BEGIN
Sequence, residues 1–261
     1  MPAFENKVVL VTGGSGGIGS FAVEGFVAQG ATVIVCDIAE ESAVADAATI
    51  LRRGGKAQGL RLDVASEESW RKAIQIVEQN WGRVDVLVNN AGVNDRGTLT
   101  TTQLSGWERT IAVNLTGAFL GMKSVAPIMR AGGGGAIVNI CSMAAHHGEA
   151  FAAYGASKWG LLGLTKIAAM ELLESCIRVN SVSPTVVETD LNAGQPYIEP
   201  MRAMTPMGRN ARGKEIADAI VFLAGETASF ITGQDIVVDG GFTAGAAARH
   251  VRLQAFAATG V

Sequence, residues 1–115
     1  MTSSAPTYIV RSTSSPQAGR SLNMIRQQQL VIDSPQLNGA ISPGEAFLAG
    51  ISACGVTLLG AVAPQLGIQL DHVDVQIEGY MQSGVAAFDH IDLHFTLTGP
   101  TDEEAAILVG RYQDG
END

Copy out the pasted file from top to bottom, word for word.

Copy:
Sequence, residues 1–261
     1  MPAFENKVVL VTGGSGGIGS FAVEGFVAQG ATVIVCDIAE ESAVADAATI
    51  LRRGGKAQGL RLDVASEESW RKAIQIVEQN WGRVDVLVNN AGVNDRGTLT
   101  TTQLSGWERT IAVNLTGAFL GMKSVAPIMR AGGGGAIVNI CSMAAHHGEA
   151  FAAYGASKWG LLGLTKIAAM ELLESCIRVN SVSPTVVETD LNAGQPYIEP
   201  MRAMTPMGRN ARGKEIADAI VFLAGETASF ITGQDIVVDG GFTAGAAARH
   251  VRLQAFAATG V

Sequence, residues 1–115
     1  MTSSAPTYIV RSTSSPQAGR SLNMIRQQQL VIDSPQLNGA ISPGEAFLAG
    51  ISACGVTLLG AVAPQLGIQL DHVDVQIEGY MQSGVAAFDH IDLHFTLTGP
   101  TDEEAAILVG RYQDG